Star Trek: Lower Decks has its charms, and its self-referential energy will delight those in the know, but where it fits within Trek’s longstanding legacy remains to be seen.
This review of Star Trek: Lower Decks is spoiler-free.
Star Trek, long-running and indescribably beloved, has leaped media transoms with a deftness that it doesn’t always get credit for. In part, that’s thanks to the elasticity of Gene Roddenberry’s original idea for an optimistic and forward-looking brand of happy-clappy sci-fi, a concept that has sustained half a century of first contacts with the furthest corners of the canon, on the big and small screen, on the pages of novels and comics, within games and an endlessly enthusiastic – and sometimes slightly demented – fandom that might have been the first of its kind.
Under ViacomCBS, Star Trek has delivered a prequel series in Discovery that many long-time fans hate but that I think is great, and a series in Star Trek: Picard that, if we’re being totally honest, was designed in large part to win back those fans from the franchise’s Next Generation heyday who were becoming disenfranchised. Now, we have Star Trek: Lower Decks, a half-hour animated comedy spin-off on CBS All Access that looks to poke affectionate fun at Trek’s longstanding legacy and work as a drastic counterpoint to the more serious, serialized live-action offerings of the last few years.
Lower Decks, which is set two years after the conclusion of Star Trek: Voyager, is named after a cheeky Next Generation in-joke and doesn’t skimp on Easter eggs and knowing references beyond that. And thus it mostly accomplishes its stated goals, though while it does so with charm and some occasional wit, it also does it in a way that isn’t going to stand the test of time and likely won’t thrill anyone who – like me – isn’t intimately familiar with the stuff it’s calling back to and sometimes making fun of. But more on this in a bit.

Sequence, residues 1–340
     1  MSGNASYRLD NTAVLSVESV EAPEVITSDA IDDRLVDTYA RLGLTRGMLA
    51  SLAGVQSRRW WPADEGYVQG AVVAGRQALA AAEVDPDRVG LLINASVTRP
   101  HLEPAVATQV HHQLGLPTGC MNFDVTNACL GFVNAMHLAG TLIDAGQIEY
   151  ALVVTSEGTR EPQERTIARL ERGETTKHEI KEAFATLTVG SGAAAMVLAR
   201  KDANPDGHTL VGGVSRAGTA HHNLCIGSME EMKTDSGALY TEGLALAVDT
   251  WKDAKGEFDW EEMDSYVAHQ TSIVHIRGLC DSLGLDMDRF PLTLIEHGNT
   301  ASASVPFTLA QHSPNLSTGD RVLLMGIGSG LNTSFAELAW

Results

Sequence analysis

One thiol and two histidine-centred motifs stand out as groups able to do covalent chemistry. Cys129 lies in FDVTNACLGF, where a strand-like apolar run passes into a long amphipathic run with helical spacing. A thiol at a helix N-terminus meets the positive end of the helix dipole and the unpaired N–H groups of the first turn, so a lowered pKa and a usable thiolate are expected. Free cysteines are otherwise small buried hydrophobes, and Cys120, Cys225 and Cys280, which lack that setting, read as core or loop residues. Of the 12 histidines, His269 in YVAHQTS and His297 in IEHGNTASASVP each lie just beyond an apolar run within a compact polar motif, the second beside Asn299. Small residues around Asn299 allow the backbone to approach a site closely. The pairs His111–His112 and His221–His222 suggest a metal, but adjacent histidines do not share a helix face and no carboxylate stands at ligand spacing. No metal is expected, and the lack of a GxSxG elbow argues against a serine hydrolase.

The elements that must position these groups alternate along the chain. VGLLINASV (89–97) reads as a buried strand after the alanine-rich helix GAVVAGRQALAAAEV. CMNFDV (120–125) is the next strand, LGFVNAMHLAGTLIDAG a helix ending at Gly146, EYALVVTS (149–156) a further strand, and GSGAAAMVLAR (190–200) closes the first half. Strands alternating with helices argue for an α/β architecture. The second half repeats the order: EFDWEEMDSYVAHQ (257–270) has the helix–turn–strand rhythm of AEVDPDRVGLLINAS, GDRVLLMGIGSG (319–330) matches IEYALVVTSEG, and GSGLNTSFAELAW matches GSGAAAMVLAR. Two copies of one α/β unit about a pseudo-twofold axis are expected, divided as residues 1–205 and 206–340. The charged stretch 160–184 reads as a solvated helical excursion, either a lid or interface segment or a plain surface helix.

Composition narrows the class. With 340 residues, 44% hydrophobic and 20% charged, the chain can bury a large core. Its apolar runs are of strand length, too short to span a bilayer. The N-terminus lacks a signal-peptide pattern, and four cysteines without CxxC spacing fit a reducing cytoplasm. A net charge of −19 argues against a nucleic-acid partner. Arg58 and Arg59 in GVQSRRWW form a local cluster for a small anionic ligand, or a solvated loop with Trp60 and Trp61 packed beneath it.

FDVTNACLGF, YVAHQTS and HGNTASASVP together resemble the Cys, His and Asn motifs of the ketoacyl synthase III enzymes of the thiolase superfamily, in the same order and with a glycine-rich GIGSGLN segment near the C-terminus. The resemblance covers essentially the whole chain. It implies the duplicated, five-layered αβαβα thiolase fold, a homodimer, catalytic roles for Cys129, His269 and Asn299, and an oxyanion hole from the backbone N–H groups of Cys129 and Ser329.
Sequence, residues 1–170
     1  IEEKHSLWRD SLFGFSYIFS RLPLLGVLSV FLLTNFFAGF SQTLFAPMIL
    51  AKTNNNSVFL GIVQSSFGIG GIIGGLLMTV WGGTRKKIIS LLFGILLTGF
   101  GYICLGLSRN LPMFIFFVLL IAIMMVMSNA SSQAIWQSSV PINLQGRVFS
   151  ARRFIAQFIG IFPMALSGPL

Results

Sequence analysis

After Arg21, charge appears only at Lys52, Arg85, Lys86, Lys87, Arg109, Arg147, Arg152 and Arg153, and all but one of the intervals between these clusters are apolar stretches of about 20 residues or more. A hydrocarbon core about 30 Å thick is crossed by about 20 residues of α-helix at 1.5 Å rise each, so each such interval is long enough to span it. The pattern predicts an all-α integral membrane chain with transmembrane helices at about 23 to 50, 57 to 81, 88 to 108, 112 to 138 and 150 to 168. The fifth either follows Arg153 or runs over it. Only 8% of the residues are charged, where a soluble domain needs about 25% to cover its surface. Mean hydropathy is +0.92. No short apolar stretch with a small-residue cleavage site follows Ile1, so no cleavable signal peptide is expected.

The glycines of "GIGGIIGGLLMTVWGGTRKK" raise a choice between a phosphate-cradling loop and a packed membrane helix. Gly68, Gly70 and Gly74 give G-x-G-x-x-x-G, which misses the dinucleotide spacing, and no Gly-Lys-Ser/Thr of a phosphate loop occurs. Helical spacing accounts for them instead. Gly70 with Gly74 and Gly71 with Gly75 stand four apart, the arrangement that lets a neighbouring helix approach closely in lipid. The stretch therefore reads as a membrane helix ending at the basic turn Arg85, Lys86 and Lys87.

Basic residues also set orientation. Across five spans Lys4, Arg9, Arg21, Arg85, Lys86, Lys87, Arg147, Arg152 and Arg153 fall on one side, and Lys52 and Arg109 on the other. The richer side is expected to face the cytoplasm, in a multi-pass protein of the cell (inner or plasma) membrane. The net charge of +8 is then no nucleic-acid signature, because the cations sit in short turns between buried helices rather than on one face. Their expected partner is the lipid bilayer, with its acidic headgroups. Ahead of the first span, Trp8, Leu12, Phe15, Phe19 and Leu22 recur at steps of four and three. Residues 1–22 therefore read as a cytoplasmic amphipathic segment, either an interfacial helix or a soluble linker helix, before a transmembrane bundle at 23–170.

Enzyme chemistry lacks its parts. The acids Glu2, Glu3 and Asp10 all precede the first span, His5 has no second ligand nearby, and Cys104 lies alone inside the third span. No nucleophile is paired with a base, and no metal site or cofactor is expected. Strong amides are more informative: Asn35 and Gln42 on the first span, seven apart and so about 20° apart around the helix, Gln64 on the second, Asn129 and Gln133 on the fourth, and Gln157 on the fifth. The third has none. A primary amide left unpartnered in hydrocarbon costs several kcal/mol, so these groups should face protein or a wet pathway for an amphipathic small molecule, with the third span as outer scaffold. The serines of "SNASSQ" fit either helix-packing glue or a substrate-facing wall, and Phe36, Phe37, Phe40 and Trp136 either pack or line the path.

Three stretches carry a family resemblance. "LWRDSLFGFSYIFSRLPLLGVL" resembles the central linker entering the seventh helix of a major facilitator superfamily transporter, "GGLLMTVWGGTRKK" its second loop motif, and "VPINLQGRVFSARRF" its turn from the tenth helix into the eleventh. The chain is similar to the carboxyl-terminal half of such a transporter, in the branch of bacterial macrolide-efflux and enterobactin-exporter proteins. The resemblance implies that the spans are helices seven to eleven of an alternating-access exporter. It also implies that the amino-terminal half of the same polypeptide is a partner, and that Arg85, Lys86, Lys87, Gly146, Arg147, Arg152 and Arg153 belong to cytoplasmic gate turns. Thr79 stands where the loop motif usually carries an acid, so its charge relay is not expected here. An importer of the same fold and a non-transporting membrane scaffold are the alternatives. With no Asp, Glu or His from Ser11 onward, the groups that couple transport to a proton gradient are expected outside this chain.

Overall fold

First, setup. Star Trek: Lower Decks basically reinvents the franchise as a workplace comedy, with a motley crew of engineers, grunts, and bureaucrats aboard the USS Cerritos comprising a core cast who’re basically the unnamed rank and file of any other Star Trek property. It’s odd coming to this right after Peacock’s Hitmen, which used the same conceit of turning an elaborate film-and-TV vocation into a mundane nine-to-five. That show was about contract killers who worked out of a rusting Transit van; this one is about the nobodies who keep things running so that senior officials can go on exciting interstellar adventures. The premiere episode is literally titled “Second Contact”.
Created, produced, and written by Rick and Morty’s Mike McMahan, Lower Decks has a fan’s enthusiasm and encyclopaedic knowledge of on-brand minutia, and it’s pretty explicitly designed to evoke The Next Generation in its look, sound, and general feel. This will surely delight those who were weaned on that show, but I wasn’t one of those people, and beyond the obvious stuff pitched at those like me with just a cursory knowledge of the ins and outs, Lower Decks began to lose me a bit. It isn’t totally alienating, but it is a bit show-offy, and largely isn’t needed, especially after Lower Decks has convinced fans that it knows what it’s talking about – something that occurs around ten minutes in, probably.
The big question that will continue to hover above this show is whether it can offer enough beyond this to be worthwhile on its own terms, and it’s difficult to make a determination one way or the other at this point. Star Trek has always sought to position itself within a broader cultural context, and Lower Decks exists in a weird one, in part because it’s a product of 50-plus years of Star Trek media, but also because it’s an animated “adult” comedy that owes an obvious debt to Rick and Morty, the current king of such things, which boasts a too-clever-by-half self-referential attitude that eventually got tedious and isn’t all that well-suited to Star Trek anyway, which historically has had something meaningful to say about things beyond Star Trek itself. At this point, I have no idea if the same can be said about Lower Decks.
It is charming, though. It manages to strike a tone that’s the right kind of sci-fi silliness without being incompetent or ridiculous, and far from being preachy, it seems to be saying pretty explicitly that everyone should relax and not take themselves so seriously. There isn’t anything wrong with that, and it’s worth remembering that even the deepest and most meaningful iterations of Trek have had no shortage of woefully misguided ideas. The urge to say something doesn’t always result in anything of worth being said. But without the urge to say something, you have to wonder what kind of longevity Star Trek: Lower Decks will have.
But we’re getting ahead of ourselves. It’d be unfair and a bit ridiculous to condemn this show so early in its run, especially since we could all probably stand to take some of its laidback lessons on board. Where exactly Lower Decks will fit within the longstanding Trek legacy is anyone’s guess, as is to what extent it’ll be fondly remembered and contribute meaningfully to the franchise. But for now, it has just enough charm and style to be worth a recommendation from me, though I’d recommend setting your expectations to cautious.